Now before I get to the ‘deal’, I want to go down a quick rabbit trail here.  I’m not sure if this is just how it is translated to English or if there is any intent of this phrase toward how I will critique it but notice what Jephthah says, “Oh!  My daughter!  You have made me miserable and wretched…”  Notice how it is phrased.  How many times have I done something rash, and the result made me realize how rash it was, and in an emotional outburst, cast the blame on someone else?  Wow, that one hit me square between the eyes.  Initially, one of God’s appointed did not own his decision, he blamed his daughter.  That phrase is both comforting and scary.  Comforting because I know I am not alone, nor the first, when casting blame in an emotional moment.  Scary because a righteous man of God can fall into that trap even though it is a natural reaction.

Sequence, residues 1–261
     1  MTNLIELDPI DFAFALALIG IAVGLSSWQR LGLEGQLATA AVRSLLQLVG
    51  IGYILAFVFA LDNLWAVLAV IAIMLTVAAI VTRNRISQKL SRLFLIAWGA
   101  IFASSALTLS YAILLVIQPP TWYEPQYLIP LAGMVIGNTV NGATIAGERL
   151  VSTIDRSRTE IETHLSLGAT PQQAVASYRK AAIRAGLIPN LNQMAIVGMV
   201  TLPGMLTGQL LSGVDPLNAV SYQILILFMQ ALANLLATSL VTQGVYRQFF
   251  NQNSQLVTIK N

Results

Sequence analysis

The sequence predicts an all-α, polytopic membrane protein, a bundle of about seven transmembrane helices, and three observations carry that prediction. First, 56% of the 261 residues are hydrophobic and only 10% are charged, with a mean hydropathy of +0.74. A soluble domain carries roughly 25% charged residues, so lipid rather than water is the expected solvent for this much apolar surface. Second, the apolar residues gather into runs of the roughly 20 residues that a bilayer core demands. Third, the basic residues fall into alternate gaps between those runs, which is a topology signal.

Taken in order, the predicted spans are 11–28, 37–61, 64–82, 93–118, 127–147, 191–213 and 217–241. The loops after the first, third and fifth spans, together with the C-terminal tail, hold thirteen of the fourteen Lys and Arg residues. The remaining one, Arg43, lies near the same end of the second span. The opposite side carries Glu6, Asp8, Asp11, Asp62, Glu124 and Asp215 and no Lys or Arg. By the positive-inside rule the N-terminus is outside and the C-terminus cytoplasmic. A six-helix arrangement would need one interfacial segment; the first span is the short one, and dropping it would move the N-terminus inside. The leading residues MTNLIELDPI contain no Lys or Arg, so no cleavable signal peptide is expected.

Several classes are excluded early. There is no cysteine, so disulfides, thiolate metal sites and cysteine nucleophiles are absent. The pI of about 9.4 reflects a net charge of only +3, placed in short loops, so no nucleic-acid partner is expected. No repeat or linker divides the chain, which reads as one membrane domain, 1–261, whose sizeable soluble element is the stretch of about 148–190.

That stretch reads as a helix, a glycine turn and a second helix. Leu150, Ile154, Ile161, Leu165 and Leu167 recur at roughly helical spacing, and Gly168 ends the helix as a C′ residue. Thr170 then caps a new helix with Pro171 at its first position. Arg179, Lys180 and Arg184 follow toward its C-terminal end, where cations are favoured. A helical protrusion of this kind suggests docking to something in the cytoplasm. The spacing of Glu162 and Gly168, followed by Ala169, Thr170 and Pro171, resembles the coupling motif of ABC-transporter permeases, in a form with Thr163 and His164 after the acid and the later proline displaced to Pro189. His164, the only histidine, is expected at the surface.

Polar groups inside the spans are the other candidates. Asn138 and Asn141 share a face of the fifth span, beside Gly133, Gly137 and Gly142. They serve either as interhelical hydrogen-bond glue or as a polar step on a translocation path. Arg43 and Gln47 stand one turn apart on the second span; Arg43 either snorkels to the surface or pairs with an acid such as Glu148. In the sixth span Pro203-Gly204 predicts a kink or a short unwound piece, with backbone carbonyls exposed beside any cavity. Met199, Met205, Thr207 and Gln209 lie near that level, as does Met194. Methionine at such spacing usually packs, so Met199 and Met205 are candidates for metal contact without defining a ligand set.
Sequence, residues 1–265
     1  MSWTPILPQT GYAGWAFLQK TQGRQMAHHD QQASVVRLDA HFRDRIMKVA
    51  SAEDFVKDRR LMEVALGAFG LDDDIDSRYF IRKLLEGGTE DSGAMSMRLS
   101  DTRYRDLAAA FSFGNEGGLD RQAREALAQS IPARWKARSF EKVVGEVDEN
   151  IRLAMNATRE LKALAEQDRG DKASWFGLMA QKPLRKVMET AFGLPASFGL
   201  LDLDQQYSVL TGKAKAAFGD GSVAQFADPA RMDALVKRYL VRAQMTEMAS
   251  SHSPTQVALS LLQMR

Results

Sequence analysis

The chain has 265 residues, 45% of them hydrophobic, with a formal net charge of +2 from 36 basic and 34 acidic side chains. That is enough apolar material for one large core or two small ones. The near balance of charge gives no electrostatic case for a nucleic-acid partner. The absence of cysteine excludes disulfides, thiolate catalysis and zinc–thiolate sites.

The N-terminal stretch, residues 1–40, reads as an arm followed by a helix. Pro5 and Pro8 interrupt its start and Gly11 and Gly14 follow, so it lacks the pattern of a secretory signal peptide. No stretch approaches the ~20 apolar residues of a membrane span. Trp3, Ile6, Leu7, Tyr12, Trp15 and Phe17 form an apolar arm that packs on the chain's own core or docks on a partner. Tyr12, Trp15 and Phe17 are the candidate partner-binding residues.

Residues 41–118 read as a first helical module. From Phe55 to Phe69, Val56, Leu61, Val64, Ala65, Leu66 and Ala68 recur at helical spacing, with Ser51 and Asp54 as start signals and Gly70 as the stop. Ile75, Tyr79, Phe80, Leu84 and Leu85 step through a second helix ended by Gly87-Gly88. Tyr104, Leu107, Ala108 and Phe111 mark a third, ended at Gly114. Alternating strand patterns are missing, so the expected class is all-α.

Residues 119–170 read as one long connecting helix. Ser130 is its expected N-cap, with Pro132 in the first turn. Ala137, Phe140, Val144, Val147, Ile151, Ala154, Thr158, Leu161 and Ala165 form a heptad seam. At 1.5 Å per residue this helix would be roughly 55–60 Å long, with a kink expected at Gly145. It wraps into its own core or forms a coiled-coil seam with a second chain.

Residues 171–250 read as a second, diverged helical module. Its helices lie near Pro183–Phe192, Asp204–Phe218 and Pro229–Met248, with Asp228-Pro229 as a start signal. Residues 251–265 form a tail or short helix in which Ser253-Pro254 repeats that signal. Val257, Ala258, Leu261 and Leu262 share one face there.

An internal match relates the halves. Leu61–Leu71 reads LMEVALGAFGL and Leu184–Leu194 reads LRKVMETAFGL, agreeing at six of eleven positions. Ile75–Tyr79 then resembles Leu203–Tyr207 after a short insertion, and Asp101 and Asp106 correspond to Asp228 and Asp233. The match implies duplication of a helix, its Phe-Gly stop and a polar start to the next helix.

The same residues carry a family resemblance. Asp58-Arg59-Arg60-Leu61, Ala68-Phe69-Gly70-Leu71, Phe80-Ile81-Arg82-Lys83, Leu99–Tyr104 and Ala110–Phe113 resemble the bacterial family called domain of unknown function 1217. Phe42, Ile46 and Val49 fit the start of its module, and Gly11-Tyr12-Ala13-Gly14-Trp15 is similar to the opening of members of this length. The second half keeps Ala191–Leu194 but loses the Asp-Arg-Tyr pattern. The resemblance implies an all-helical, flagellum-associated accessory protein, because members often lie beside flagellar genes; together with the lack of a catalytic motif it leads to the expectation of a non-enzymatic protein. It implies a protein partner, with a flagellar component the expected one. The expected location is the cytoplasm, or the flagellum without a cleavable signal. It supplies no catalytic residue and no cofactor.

Now, back to the ‘deal’ Jephthah made.  I fantasize that Jephthah envisioned that when he would get home coming to meet him at the gate would be one of the sheep or goats or even his trusty dog Rover.  But no, it is his only daughter.  It could have even been his wife.  Jephthah made a deal with God and God kept His end of the bargain.  What is interesting is the vow Jephthah made.  He could have stopped at:  “…whatever comes out of the door of my house to meet me when I return in triumph from the Ammonites will be the Lord’s…”   It’s a reasonable deal to dedicate whatever he met at the gate to the Lord.  That’s a safe play.  I mean, Hannah dedicated Samuel to the Lord.  She didn’t get to raise him, but he didn’t die either.  So, why did Jephthah go to the extent of not only dedicating to the Lord, but also offering to sacrifice to the Lord?  Scholars are divided in their interpretation of this story.  Some believe that because the Spirit of the Lord (vs. 29) had come upon Jephthah he could not sacrifice his daughter.  They look at the text as saying just making a sacrifice (burnt offering) in general and essentially cursing his daughter to never marry or bear children the rest of her life.  They also believe that human sacrifice is against God’s law (easy to believe).  However, these same scholars believe that the vow was to sacrifice a human because a dog and/or many other animals would have been unacceptable sacrifices.  Others believe that Jephthah took inspiration from Abraham and how God rescued Isaac from his hand, hoping that God would do the same for him.  Even others believe that he did go through with his vow because he had made it to God and had no choice.  Jephthah also lived in area where the Israelites had begun some of the practices of the neighboring countries and that Jephthah was influenced by them.